Purpose of Reference Check  Screening for Employment Personal, Character or Tenant Screening 

Employers do not usually involve personal references during hiring. Personal references are more relevant in tenant reviews and character screening. Gaining an insight into one’s personal behavior is not relevant to employers.

What does your potential employer ask your previous employer?

When a potential employer contacts your previous employer for a reference check, they may ask about various aspects of your job performance. Some of those include

1. Employment dates and job title: To confirm your work history and position.

2. Job duties and responsibilities: To understand your job duties and responsibilities and verify if you have relevant experience for the job you're applying for.

3. Performance at work: To get a sense of how well you performed in your previous role, including your strengths and areas for improvement.

4. Common work habits: To understand your work habits, such as punctuality, attendance, and attitude.

5. Interpersonal skills: To learn how you interacted with colleagues, clients, and customers and gauge your communication and teamwork skills.

6. Reasons for leaving the job: To understand why you left the company and if there were any performance issues or concerns.

Being truthful and professional in your job performance and conduct is important, as this information may be verified during a reference check.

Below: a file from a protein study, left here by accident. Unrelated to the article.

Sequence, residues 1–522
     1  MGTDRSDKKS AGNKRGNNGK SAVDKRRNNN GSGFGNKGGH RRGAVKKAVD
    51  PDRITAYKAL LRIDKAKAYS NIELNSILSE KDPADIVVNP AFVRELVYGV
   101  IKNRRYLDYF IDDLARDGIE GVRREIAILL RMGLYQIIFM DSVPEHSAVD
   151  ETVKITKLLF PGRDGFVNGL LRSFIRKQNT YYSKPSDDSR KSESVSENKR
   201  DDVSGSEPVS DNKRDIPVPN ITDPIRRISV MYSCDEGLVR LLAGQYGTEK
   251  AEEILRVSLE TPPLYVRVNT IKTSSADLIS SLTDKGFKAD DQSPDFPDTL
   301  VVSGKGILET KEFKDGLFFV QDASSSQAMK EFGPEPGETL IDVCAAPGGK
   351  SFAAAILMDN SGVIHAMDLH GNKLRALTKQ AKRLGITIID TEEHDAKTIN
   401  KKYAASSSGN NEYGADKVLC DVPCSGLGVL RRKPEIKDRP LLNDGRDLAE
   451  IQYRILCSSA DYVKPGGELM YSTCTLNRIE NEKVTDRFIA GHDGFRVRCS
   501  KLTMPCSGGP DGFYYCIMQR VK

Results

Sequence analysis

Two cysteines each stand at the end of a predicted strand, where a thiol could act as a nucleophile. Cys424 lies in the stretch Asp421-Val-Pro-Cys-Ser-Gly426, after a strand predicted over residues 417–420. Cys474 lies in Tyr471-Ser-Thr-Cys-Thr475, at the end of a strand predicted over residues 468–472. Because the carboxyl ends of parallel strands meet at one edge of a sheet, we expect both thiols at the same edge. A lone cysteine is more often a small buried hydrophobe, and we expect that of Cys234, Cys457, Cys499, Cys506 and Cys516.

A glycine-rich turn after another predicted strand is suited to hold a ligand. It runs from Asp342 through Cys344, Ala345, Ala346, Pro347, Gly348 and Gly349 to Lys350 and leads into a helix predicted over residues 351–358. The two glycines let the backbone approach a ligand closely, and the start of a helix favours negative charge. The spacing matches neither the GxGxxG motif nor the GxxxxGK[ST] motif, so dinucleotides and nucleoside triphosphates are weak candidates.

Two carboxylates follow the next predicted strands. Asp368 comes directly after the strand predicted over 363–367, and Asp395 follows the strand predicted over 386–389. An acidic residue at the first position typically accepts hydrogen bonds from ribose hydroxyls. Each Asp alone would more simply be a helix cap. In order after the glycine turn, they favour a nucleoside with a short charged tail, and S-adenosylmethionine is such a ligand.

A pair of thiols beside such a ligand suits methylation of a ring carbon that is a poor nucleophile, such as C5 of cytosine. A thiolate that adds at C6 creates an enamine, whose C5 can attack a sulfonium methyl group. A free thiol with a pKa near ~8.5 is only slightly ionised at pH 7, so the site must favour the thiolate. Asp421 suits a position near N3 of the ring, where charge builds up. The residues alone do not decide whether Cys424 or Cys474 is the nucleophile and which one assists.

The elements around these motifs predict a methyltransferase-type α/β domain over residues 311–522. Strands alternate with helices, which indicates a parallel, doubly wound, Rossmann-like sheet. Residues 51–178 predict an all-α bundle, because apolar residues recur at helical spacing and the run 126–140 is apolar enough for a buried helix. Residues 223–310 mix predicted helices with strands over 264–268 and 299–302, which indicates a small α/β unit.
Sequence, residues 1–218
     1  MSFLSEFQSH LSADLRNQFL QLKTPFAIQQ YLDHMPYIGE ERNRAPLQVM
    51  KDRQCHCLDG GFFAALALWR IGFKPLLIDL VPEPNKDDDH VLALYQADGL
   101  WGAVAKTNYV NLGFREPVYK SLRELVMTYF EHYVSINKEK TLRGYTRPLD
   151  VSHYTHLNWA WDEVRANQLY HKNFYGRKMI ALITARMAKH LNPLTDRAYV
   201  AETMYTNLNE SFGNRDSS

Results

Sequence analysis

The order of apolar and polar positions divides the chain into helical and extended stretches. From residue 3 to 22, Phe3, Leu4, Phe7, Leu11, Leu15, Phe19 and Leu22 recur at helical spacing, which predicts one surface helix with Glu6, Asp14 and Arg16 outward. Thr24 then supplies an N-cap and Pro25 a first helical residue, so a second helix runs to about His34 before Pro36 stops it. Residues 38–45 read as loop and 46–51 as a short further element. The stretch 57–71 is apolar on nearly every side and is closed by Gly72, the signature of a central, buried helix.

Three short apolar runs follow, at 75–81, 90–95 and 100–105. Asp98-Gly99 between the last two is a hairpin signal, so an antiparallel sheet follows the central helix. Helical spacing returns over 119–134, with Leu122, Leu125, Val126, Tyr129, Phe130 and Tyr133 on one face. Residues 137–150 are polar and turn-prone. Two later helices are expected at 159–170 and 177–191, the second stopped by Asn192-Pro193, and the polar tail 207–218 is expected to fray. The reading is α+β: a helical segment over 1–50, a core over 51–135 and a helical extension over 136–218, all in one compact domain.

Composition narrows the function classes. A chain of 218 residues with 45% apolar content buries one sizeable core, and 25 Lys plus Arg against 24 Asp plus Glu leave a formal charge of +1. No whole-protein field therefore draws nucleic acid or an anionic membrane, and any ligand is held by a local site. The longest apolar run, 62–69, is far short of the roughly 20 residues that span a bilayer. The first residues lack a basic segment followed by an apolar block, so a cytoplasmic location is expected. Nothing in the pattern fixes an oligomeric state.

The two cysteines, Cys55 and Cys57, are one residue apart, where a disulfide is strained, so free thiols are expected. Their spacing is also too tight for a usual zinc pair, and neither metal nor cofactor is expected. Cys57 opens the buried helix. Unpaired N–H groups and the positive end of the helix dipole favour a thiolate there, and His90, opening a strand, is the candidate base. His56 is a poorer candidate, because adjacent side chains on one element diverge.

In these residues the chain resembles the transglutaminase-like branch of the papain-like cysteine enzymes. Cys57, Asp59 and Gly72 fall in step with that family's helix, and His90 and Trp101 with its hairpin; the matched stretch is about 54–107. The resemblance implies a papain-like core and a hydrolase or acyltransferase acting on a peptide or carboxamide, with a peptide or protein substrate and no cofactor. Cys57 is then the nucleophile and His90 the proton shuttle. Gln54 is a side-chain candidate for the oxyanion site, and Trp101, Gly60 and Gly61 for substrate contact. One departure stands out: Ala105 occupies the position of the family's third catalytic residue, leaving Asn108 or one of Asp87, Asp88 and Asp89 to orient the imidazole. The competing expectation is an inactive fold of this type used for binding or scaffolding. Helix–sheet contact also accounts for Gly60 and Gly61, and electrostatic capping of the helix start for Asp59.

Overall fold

Using LinkedIn for professional networking


LinkedIn stands as one of the most powerful tools for creating professional networks and relationships. But how can LinkedIn be used to build your references?

You might have noticed or come across the LinkedIn recommendation and endorsement section. The recommendation section basically highlights recommendations and references written by people you’ve worked with in the past.

The skills and endorsement section is similar too. You can add upto 50 skills to your profile, and your connections get to endorse them! What does endorsement mean?

Endorsement is simply a validation from your friends, peers, or colleagues that you’re experienced and proficient in the skills you’ve mentioned. The more endorsements you have, the better.

Learn more tips on how to optimize your LinkedIn profile: Guide: How to find a job on LinkedIn?

Frequently Asked Questions (FAQs)

1. Can a friend act as a professional reference?